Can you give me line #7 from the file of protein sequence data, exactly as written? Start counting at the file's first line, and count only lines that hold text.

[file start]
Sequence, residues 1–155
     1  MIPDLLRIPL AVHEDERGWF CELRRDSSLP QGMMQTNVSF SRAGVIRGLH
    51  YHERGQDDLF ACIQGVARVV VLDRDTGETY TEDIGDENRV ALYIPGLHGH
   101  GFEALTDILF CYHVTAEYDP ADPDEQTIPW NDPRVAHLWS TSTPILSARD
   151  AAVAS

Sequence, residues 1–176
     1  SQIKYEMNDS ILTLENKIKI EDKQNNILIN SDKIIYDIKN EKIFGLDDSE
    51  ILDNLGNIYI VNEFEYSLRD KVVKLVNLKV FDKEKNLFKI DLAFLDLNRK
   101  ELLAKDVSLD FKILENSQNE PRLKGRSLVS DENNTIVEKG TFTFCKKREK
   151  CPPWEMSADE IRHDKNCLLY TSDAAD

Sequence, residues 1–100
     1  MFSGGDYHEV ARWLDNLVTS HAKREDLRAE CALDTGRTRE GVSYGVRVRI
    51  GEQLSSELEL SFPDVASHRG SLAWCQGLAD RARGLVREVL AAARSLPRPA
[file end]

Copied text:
     1  SQIKYEMNDS ILTLENKIKI EDKQNNILIN SDKIIYDIKN EKIFGLDDSE